Aluminium is cast in three ways; Sand casting where molten Aluminium is poured into a sand mould to produce a desired shape. Gravity die casting, here again molten Aluminium is poured into a metal mould or die to produce the shape and finally Pressure Die casting where Aluminium is forced under pressure into a metal die. The main issue that can affect Powder Coating is porosity within the metal. When the molten metal is poured (or forced in the case of pressure die-casting) into the die it displaces air that is within the die, this air can get caught up in the general turbulence of the process and become trapped within the resultant die cast part. When the part is powder coated this trapped air can expand and force its way out of the surface of the part causing porosity blisters that can be unsightly and result in parts being rejected. Another common fault is that is caused by less than optimal design of the die. When the molten metal enters the die it is important that it metal flows into the die quickly and spreads into all of the areas of the die before cooling. If cooling of the molten metal happens to early it produces ‘cold spots’ that invariably contain a lot of porosity that cause surface defects when powder coated. There will be further details about this in the Trouble Shooting section later.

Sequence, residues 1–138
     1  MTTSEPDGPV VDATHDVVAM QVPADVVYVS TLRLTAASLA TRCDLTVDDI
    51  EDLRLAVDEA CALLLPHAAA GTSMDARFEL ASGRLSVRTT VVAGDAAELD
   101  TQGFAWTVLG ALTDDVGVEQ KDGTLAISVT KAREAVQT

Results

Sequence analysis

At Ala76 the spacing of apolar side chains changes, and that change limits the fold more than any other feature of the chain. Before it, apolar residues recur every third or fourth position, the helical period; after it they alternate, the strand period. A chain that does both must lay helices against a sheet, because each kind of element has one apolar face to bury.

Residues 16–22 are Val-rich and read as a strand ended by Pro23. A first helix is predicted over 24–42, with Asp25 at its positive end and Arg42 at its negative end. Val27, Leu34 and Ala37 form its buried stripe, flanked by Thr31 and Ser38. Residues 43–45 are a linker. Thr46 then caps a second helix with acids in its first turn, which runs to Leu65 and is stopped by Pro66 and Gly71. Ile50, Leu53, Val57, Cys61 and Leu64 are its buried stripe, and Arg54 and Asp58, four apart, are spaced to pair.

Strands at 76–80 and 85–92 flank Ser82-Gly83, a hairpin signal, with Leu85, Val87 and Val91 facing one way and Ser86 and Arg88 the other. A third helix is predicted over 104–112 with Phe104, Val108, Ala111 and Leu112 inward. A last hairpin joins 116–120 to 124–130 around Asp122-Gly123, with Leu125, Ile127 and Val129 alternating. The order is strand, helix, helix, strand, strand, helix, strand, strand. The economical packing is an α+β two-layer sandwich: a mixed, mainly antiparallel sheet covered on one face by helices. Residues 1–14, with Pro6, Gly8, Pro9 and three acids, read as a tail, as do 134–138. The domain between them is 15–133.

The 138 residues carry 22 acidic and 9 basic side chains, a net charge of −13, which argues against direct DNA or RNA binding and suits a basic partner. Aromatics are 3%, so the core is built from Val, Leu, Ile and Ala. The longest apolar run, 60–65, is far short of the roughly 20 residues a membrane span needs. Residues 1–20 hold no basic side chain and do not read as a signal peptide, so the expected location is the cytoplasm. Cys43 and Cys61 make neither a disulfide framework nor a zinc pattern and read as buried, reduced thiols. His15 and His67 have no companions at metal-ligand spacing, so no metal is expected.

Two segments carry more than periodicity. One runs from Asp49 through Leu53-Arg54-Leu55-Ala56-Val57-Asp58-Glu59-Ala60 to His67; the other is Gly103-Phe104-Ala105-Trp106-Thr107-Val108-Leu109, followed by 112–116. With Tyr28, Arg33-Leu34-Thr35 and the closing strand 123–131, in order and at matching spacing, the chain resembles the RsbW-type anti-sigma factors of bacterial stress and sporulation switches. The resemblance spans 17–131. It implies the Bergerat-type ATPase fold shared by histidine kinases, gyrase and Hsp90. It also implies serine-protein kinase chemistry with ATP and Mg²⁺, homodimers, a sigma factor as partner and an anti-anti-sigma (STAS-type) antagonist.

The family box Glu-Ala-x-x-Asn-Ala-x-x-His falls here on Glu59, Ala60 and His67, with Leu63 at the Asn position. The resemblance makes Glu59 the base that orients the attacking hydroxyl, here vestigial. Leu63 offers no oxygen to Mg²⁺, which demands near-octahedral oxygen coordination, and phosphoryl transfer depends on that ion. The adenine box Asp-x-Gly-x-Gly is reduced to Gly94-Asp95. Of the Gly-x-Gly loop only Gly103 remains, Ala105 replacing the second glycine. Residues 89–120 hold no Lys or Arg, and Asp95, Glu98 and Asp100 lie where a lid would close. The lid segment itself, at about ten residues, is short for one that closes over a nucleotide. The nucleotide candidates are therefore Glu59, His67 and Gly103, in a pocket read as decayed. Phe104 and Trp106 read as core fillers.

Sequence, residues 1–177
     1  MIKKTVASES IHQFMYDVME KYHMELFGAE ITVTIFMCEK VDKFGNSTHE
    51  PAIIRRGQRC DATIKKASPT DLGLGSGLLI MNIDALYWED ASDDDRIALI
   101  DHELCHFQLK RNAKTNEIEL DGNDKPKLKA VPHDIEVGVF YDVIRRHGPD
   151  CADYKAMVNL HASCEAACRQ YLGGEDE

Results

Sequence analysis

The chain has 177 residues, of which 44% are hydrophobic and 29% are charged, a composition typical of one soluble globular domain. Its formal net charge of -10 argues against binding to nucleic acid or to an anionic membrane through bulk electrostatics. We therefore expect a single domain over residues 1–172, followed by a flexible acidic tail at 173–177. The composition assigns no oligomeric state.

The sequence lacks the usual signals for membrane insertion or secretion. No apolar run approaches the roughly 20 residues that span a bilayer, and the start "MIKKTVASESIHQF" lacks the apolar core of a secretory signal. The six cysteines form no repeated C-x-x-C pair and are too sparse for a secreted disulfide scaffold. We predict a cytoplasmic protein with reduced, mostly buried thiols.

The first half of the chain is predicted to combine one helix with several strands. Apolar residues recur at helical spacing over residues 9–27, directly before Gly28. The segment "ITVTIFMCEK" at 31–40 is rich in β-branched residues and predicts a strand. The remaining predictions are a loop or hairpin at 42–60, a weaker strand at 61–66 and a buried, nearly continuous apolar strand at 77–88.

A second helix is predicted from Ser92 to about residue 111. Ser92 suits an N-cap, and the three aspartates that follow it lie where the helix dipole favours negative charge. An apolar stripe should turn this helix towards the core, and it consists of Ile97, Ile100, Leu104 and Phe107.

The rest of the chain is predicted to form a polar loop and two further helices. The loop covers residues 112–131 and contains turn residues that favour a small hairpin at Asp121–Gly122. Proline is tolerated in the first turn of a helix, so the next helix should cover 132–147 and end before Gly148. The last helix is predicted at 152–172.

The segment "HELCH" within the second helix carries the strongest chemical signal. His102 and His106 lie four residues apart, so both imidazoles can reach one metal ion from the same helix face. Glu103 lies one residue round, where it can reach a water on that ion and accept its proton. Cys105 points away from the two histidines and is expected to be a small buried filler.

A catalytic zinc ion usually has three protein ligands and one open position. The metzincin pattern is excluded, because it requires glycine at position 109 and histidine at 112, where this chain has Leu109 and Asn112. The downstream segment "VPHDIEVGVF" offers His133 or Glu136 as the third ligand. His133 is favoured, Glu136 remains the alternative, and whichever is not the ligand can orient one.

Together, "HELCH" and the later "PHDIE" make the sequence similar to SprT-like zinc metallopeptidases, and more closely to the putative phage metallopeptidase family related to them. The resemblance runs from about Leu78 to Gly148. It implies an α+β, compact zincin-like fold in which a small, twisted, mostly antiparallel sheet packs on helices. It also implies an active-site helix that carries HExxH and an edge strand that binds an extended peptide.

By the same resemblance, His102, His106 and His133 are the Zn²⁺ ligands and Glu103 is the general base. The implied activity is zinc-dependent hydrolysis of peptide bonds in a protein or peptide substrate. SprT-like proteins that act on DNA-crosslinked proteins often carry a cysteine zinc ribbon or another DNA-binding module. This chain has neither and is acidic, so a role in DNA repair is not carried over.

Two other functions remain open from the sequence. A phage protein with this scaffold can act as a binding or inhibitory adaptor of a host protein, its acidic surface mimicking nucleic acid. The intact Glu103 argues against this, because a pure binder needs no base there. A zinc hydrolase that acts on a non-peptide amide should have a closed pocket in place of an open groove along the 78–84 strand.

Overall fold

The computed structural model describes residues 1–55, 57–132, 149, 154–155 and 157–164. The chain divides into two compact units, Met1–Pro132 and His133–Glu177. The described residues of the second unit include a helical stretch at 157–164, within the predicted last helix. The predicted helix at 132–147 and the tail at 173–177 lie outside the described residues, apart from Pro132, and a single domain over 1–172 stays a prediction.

Zinc.

Is also used to make Die Castings and many of the faults/issues noted above for Aluminium Castings are the same for Zinc Castings.

Stainless Steel.

As long as the surface is free from grease, oil or waxes then Stainless Steel can be Powder Coated successfully. It is important to ensure that the parts have the correct curing after coating (i.e. given enough heat/time in the oven). There are many manufactured parts that are normally produced from Stainless Steel and sold in self colour stainless steel, but at some point customers sometimes require the parts coating in a particular colour. An example of this is Flues for boiler or stove chimneys, usually made out of stainless steel but often there is a requirement for them to be coated in Black or other colour. Powder Coatings Ltd have successfully powder coated Stainless Steel Flue Components without any adhesion issues.